Team we45
April 4, 2017

The 3 Most “Resistant & Persistent Application Security Vulnerabilities"

My team tests at least 5 applications a week on average. We constantly work with Web Apps, Web Services, Mobile Apps and now, IoT driven applications, which have a pretty large web services layer supporting it. We work with multiple product engineering teams, especially developers, to help them fix those niggling security problems. Recently, I had a question that I wanted answered in substantive terms. “Which vulnerabilities are most resistant and persistent across all the apps that we test?” This is a pretty expansive question. We test scores of apps, that have a larger set of vulnerabilities. I was looking for application vulnerabilities that either haven’t been fixed over time or have been fixed at a given time, but have resurfaced elsewhere. These vulnerabilities, I would put into the “Resistant, Persistent” category. I loaded our sanitized vulnerability metadata onto an ElasticSearch Server. And armed with my python scripts for analytics and aggregation, I crunched some numbers and I have tried to drill down to the 3 Most Resistant Application Security Vulnerabilities, from January of 2015 to the present day.

Cross Site Scripting (XSS)

There’s nothing new about Cross Site Scripting. It's been a permanent fixture on the OWASP Top 10 as far back as I can remember. One would think that Cross Site Scripting (XSS) would have been fixed or at least marginalized by this point. However, unlike SQL Injection, Cross Site Scripting has continued to enjoy relevance and multiple leases of life. This is simply owing to the fact that the application attack surface has increased significantly with tons of third party Front-End JavaScript libraries, inconsistent output encoding, dependencies on CDNs, etc. Cross Site Scripting has proven to be a formidable vulnerability to fix. Nearly every client we test seems to have at least one or more significant Cross Site Scripting flaw. This, despite the fact that modern web frameworks come with “batteries-included” approaches to validation and output encoding. So, if you’re app is using any of the above elements that I just mentioned. You need to probably look for this highly resistant and persistent security flaw.

Insecure Direct Object Reference (IDOR)

Insecure Direct Object Reference really are Authorization Flaws. Using these flaws, an attacker can bypass permissions management controls and gain unauthorized access to sensitive information from other user accounts or other data  sets. The major manifestations of IDORs happen in two ways. One, (more uncommon) where the attacker is able to manipulate model data and gain access to privileged functionality . The other manifestation (more common) is one where attackers can identify primary key/identifier values and attempt to gain access to other user accounts or elevate privileges. The reasons for this vulnerability being “resistant and persistent” is due to the following factors:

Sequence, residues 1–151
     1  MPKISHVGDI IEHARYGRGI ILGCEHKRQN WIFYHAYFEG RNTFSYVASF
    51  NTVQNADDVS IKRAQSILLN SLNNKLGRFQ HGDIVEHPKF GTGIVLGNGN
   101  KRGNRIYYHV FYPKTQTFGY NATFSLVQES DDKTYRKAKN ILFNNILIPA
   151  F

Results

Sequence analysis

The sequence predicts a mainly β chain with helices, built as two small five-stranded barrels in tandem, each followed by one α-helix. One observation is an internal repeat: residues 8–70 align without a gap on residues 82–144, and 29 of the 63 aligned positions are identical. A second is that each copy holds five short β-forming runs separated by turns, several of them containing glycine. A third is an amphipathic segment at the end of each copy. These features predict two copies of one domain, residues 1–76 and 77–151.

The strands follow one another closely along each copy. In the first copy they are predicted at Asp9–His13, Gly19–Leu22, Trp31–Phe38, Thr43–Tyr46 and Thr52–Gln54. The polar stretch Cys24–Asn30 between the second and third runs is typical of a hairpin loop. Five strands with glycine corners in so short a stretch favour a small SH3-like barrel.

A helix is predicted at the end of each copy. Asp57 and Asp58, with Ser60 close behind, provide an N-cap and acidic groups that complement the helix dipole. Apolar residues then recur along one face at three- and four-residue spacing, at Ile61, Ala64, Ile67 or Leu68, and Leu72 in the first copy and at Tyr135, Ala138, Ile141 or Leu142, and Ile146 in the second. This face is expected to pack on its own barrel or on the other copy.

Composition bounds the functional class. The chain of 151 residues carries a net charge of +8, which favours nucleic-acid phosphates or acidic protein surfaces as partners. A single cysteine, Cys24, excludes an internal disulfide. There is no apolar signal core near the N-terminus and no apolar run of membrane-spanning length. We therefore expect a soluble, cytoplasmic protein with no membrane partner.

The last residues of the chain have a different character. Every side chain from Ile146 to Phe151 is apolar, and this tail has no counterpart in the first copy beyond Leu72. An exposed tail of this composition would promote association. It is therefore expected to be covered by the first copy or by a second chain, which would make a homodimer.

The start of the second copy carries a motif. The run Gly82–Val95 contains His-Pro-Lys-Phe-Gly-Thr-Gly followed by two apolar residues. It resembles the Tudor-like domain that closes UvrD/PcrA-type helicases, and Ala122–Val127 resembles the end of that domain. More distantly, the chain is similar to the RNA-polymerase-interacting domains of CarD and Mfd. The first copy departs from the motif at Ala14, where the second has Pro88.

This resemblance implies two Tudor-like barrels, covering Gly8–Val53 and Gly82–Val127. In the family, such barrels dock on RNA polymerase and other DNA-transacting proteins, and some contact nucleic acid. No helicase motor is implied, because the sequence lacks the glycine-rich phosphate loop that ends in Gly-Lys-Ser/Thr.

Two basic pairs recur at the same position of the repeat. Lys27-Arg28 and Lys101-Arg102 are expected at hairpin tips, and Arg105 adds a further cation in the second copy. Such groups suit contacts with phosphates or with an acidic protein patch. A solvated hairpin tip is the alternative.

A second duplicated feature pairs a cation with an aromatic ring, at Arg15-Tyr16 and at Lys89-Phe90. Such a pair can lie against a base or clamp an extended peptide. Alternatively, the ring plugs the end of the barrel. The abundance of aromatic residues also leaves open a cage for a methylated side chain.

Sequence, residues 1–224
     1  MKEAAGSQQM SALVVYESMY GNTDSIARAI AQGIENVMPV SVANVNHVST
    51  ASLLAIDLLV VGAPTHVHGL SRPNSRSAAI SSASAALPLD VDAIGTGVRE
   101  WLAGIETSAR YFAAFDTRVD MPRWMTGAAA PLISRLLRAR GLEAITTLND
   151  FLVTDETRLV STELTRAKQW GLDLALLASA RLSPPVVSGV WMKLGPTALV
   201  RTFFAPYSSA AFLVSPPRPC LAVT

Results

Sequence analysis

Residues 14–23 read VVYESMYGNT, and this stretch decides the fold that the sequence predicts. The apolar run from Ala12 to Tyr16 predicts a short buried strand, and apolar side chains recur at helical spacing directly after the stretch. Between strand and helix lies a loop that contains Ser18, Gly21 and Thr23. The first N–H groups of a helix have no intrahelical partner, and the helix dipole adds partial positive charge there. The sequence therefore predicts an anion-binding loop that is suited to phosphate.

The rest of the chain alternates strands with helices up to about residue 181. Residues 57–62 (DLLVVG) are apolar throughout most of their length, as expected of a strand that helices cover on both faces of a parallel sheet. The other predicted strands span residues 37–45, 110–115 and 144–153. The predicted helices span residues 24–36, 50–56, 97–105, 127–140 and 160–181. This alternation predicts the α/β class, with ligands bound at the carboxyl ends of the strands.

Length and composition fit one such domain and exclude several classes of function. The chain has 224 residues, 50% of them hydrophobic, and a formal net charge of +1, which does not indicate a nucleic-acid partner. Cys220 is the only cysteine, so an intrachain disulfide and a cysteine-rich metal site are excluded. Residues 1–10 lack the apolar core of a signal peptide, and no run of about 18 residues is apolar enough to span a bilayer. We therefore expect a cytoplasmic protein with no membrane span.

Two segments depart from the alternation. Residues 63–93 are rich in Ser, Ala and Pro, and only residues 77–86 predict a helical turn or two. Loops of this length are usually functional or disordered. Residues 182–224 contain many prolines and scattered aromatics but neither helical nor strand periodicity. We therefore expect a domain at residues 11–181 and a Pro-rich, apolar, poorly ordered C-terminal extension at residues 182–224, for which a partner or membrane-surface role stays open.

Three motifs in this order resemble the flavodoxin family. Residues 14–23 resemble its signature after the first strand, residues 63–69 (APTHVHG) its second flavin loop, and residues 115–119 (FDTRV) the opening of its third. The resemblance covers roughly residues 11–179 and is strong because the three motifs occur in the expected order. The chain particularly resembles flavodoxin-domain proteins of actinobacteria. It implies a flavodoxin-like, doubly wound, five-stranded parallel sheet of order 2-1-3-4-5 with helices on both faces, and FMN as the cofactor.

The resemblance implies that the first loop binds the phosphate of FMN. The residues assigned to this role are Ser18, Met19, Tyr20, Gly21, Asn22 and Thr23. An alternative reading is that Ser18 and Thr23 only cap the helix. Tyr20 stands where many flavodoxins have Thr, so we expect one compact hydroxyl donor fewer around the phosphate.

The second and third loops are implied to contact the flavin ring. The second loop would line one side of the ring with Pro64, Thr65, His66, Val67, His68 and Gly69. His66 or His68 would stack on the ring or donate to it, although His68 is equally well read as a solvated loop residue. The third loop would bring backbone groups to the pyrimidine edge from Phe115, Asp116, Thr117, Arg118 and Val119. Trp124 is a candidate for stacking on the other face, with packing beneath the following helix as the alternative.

1. There’s a lot more impetus given to authentication than authorization in the design/architecture of an application. What’s worse is that authorization is a highly design centric activity that is usually done poorly. Its not granular enough, its not comprehensive enough and its coverage is inadequate. So, its doomed to fail.
  2. With Web Services (where’s there’s no UI Control) this is rampant because developers just don’t expect/realize that there are these bugs in the system.
  3. These vulnerabilities cannot be tested directly with Automated Vulnerability Scanning tools like AppScan, Burp, etc. They have to subjected to manual/scripted security testing with special impetus on authorization testing.
  4. The other (probably smaller) reason is that developers don’t design primary keys to be truly random. Some of them are basic incremental integers(1,2,3) or what they think is random(20160327001), which I am sure by now, you realize is anything but.

Direct Object Reference flaws can be deadly. They need to be understood and addressed the right way.

Cross Site Request Forgery (CSRF/XSRF)

Cross Site Request Forgery is really an attack against Authentication. In short, an attacker is making the user do things the user never intended to do on your application. This could be anything from forcibly changing the user’s password to adding an unauthorized rule on a firewall web console. Most of the web apps we test, CSRF is a common finding. The effects of a CSRF are only aggravated with XSS on the same application. To developers who think that CSRF only works on browser based web apps, think again. Web Services can equally be affected by CSRF Attacks.Disclaimer: What I have written above, is in no way a comprehensive list of application vulnerabilities. These are just the 3 applications that my team and I are seeing more frequently than others in modern applications. These vulnerabilities happen to be both resistant and persistent because they seem to either stay unmitigated (for long periods of time)This article was originally published on Abhay Bhargav's LinkedIn page